Raised in Kenora, Ontario where the water from all one million acres of Lake of the Woods eventually flows into the Winnipeg River, Josh Peacock is a fisheries biologist, tournament bass angler, and a former full-time fishing guide. Like many other men his age, Josh is also a husband and a father.
Peacock comes from a long line of river rats. His four-year-old son, Brock, and two-year-old daughter, Eva, make it six generations of Peacocks on the Winnipeg River dating back to the early 1900s. “The Winnipeg River is a special system with lots of fish, flora, fauna and an abundance of space to recreate,” says Peacock. He claims the river is in his blood.
“Some days I swear I can feel it coursing through my veins. There have been days where I’ve felt such an intense connection with my surroundings that it has actually brought tears to my eyes. Not usually because of a fish, either; sometimes it’s just the way the water looks or the way the wind blows,” he states. “It can be a chance encounter with a normally secretive great blue heron that keeps following me around as we are on the same fishing pattern or an osprey that suddenly appears overhead while I’m thinking about someone that isn’t with us anymore. Those are the connections I want my kids to have with Nature.”
Peacock says he never thought much about how his family goes fishing together until recently. It seems his frequent family-fishing social media posts began to illicit a steady stream of messages and comments from inspired new parents, friends and family members. “How do you get to spend so much time on the water?” they ask. “It must be nice,” they exclaim. “Got any tips for new parents wanting to get their kids out in the boat?” Peacock took pause.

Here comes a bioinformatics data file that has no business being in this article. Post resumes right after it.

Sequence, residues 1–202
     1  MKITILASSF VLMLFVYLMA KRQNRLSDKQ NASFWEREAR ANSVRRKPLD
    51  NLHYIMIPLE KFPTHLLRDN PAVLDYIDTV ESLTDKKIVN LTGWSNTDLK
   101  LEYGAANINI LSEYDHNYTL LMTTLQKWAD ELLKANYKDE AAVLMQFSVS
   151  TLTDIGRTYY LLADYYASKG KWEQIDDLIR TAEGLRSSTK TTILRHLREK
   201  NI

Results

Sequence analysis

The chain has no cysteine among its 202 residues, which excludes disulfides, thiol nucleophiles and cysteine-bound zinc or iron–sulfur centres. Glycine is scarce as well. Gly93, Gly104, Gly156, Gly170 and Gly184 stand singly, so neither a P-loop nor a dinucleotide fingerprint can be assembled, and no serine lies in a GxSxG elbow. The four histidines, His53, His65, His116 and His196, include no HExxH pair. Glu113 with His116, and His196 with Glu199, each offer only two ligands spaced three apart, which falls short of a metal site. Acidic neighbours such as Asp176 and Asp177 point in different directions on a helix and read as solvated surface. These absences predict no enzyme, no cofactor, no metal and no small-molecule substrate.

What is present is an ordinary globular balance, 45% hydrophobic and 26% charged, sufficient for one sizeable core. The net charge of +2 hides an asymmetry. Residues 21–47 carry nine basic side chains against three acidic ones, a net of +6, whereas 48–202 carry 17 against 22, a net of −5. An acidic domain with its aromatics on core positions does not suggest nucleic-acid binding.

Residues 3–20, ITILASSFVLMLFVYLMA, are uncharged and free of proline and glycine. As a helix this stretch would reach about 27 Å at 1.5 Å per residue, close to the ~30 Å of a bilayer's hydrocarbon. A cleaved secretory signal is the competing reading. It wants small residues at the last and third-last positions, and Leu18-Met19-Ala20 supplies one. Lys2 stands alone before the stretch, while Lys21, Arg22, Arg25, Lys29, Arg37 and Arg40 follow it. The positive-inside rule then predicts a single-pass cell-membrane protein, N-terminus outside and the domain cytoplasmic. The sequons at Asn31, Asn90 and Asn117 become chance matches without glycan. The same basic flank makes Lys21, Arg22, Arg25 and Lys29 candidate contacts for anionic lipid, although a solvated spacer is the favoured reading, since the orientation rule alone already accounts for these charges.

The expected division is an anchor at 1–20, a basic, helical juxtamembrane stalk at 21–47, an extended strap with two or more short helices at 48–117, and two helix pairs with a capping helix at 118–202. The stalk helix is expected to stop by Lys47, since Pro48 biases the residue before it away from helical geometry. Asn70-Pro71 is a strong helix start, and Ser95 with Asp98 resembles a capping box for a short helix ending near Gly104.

“I guess I do,” was the answer he heard in his head. Peacock offers five “rules” for making the most of family-fishing fun on the water.
Rule # 1 — Start Them Young
Peacock advises parents to involve their kids in outdoors experiences as early as they are comfortable getting them out. “My parents had me in a boat at three weeks of age,” Peacock shares. “I truly believe that the gentle rock of a boat, the hum of an outboard, and the sound of water lapping against the boat not only calms newborns, but it alters their DNA in a positive way. Both our kids were born in the wintertime, but as soon as the ice melted, we made sure to get them out in their snow suits — all bundled up for their first ride on the river.”